On the Beach | Study Guide

Nevil Shute

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On the Beach | Chapter 3 | Summary

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Summary

After nine days spent scouting the northern coasts of Australia and nearby islands, Scorpion is back in safe waters and returning to port. Commander Towers remarks that this report will be "a little difficult to write." At every opportunity along the way, the submarine had surfaced, and loudspeakers had been used to hail anyone still able to respond. With the exception of a dog on the wharf of Green Island, there was no sign of life—not even a sea bird. The sun-washed streets of the towns were utterly empty. The Scorpion's crew learns nothing, except by inference that people had "died tidily," hidden away indoors, when the end came. John Osborne notes an eye-opening fact: no one will ever see these places again.

As the submarine makes its way home, Commander Towers, liaison officer Peter, and John discuss the war, sharing what they have gleaned from various reports. Peter wonders if anyone is writing a history about these times, even if it will only be read in the next few months. John asserts such a history would be too full of gaps; there are things they just don't know. What they do know is that at least 4,700 bombs were dropped. Most used in the Russo-Chinese phase of the war were cobalt bombs, designed to inflict the most radiation damage.

Dwight surmises that the conflict between those neighboring nations may have been twofold. Russia needed a seaport that didn't freeze in winter, and China needed more land to accommodate its overcrowded population. Shanghai, China, offered the warm-water port Russia needed. Russia's vast regions of empty terrain would solve China's land needs. Each nation feared the other. Both may have believed their goals could be achieved with calculated annihilation of the enemy and occupation of the desired territory once the radiation subsided.

While this scenario is based only on Dwight's educated guess, it has its roots in incidents whose facts are known. The entire war was sparked when Albania bombed Naples, Italy. Then someone bombed Tel Aviv in Israel. Assuming Egypt was behind it, Americans and British flew planes over Cairo as a warning. The next day, Egypt sent out its Russian-made bombers to hit Washington and London.

After that there were few American or British statesmen left to make reasoned decisions that might have curtailed war. One of the Egyptian pilots landed his bomber in Puerto Rico on the way home, and the plane was identified as Russian. The Egyptian origins of the attack were realized too late. The remaining officials in the United States had already bombed major cities and nuclear installations in Russia.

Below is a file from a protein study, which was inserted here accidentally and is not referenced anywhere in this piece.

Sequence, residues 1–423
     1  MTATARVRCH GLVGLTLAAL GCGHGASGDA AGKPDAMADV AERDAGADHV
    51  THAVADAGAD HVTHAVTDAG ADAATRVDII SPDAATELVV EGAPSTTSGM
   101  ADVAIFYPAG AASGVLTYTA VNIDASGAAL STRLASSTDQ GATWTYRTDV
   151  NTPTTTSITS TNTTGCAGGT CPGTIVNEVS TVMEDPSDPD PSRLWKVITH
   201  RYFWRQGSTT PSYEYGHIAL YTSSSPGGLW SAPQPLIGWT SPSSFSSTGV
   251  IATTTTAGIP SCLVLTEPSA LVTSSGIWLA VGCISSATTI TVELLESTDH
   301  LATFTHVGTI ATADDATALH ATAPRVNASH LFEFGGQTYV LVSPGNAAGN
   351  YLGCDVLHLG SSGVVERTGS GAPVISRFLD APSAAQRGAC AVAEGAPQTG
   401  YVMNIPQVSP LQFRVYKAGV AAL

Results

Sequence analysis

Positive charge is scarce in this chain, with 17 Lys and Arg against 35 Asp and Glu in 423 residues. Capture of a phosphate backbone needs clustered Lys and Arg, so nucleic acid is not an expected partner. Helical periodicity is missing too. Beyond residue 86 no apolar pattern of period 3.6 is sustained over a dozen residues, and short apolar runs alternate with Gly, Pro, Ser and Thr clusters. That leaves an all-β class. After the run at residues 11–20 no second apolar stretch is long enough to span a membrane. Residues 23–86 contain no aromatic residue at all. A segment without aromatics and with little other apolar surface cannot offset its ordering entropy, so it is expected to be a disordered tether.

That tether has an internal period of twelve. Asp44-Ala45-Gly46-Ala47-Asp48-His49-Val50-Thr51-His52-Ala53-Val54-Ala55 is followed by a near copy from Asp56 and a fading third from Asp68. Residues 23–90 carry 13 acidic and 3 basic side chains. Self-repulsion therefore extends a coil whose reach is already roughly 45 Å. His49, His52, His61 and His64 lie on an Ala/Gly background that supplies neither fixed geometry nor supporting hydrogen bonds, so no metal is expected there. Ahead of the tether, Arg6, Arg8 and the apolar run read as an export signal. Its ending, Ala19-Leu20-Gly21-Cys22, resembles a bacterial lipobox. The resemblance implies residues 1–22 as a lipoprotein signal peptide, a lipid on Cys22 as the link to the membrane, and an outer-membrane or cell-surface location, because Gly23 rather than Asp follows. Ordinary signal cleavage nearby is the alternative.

With "every little pipsqueak country" able to stockpile nuclear weapons, the war swiftly spun out of control. Smaller armed nations took advantage of the situation, hoping to defeat larger countries with surprise attacks. Additionally, the war between Russia and the Western Powers escalated further when China entered the fray. Most means of communication quickly failed. Although Australia's prime minister reached out to China as a voice of reason, it was too late for diplomacy to stop the chaos. The war did not end "till all the bombs were gone and all the aircraft were unserviceable." John sums up the bottom-line fault for conflict, asserting it lay with the little countries that set it off—"the Irresponsibles."

Peter confesses that, even after all he has seen, he cannot believe the world is going to end. John corrects him, explaining that the world, indeed, will go on—humans just won't be part of it any longer. Dwight thinks about the silent towns they have seen, recalling the flowering trees and palms standing in the sunlight. He remarks, "Maybe we've been too silly to deserve a world like this."

Once back in port, Peter calls Mary to let her know he's safe but in quarantine—one sick crewman has exposed everyone to measles. With baby Jennifer in mind, Mary finds measles more disturbing than the fact that no life was detected in Australia's northern towns. The next afternoon, Peter joins John at the Pastoral Club, an exclusive, upscale establishment. John has fulfilled a lifelong dream by becoming a member, figuring "it was now or never." They share drinks and details of Scorpion's mission with John's great-uncle, Sir Douglas Froude. The elderly gentleman is dedicating his last days to drinking up as much of the club's first-class vintage port as he can before the end.

In the meantime, Moira has gone with Dwight for drinks at the Piers Hotel in Melbourne. Their lighthearted conversation turns more serious as she asks about the cruise. Dwight tells her that the radiation is moving steadily south; there is no escaping it.

Later that afternoon, they go sailing and end up at an evening picnic on the beach, organized by Peter and Mary. The "warm, rosy glow of the sunset" is a reminder that there is still beauty in the world. Dwight talks to Moira about his hometown and family. Not having witnessed their destruction, he cannot picture them gone. Moira recognizes this blessing provides a buffer from reality that allows Dwight some measure of peace. He tells her he will be going home in September to where his family is waiting. Employing compassion, Moira doesn't contradict him.